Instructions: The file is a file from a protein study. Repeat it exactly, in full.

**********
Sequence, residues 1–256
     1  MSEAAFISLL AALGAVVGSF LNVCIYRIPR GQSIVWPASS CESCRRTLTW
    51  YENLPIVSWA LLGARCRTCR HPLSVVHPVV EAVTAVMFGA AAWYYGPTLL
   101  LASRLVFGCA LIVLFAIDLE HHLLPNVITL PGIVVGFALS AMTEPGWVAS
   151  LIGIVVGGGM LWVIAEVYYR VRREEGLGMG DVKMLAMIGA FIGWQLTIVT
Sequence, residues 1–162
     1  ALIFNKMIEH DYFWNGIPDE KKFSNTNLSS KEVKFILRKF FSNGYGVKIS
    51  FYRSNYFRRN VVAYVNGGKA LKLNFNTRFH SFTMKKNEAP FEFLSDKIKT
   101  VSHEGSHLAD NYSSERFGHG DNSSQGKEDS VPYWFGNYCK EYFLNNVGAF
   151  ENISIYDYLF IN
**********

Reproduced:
Sequence, residues 1–256
     1  MSEAAFISLL AALGAVVGSF LNVCIYRIPR GQSIVWPASS CESCRRTLTW
    51  YENLPIVSWA LLGARCRTCR HPLSVVHPVV EAVTAVMFGA AAWYYGPTLL
   101  LASRLVFGCA LIVLFAIDLE HHLLPNVITL PGIVVGFALS AMTEPGWVAS
   151  LIGIVVGGGM LWVIAEVYYR VRREEGLGMG DVKMLAMIGA FIGWQLTIVT
Sequence, residues 1–162
     1  ALIFNKMIEH DYFWNGIPDE KKFSNTNLSS KEVKFILRKF FSNGYGVKIS
    51  FYRSNYFRRN VVAYVNGGKA LKLNFNTRFH SFTMKKNEAP FEFLSDKIKT
   101  VSHEGSHLAD NYSSERFGHG DNSSQGKEDS VPYWFGNYCK EYFLNNVGAF
   151  ENISIYDYLF IN